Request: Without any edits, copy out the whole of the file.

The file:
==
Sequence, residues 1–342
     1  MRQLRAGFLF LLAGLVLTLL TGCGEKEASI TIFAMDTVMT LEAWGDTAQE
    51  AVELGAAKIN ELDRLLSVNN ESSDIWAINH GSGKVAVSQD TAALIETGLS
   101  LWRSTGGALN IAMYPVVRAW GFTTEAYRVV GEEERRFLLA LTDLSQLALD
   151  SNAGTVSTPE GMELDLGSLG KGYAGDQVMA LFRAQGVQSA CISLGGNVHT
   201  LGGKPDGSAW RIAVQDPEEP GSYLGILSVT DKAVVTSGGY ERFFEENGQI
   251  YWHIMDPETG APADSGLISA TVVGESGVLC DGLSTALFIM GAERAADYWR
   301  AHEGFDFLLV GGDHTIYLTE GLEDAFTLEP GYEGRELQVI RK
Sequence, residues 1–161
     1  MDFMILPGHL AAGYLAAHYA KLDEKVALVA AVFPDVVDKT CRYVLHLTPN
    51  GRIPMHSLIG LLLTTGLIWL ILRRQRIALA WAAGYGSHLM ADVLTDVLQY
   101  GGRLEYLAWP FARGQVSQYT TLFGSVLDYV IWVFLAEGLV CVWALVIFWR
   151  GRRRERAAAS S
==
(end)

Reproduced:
Sequence, residues 1–342
     1  MRQLRAGFLF LLAGLVLTLL TGCGEKEASI TIFAMDTVMT LEAWGDTAQE
    51  AVELGAAKIN ELDRLLSVNN ESSDIWAINH GSGKVAVSQD TAALIETGLS
   101  LWRSTGGALN IAMYPVVRAW GFTTEAYRVV GEEERRFLLA LTDLSQLALD
   151  SNAGTVSTPE GMELDLGSLG KGYAGDQVMA LFRAQGVQSA CISLGGNVHT
   201  LGGKPDGSAW RIAVQDPEEP GSYLGILSVT DKAVVTSGGY ERFFEENGQI
   251  YWHIMDPETG APADSGLISA TVVGESGVLC DGLSTALFIM GAERAADYWR
   301  AHEGFDFLLV GGDHTIYLTE GLEDAFTLEP GYEGRELQVI RK
Sequence, residues 1–161
     1  MDFMILPGHL AAGYLAAHYA KLDEKVALVA AVFPDVVDKT CRYVLHLTPN
    51  GRIPMHSLIG LLLTTGLIWL ILRRQRIALA WAAGYGSHLM ADVLTDVLQY
   101  GGRLEYLAWP FARGQVSQYT TLFGSVLDYV IWVFLAEGLV CVWALVIFWR
   151  GRRRERAAAS S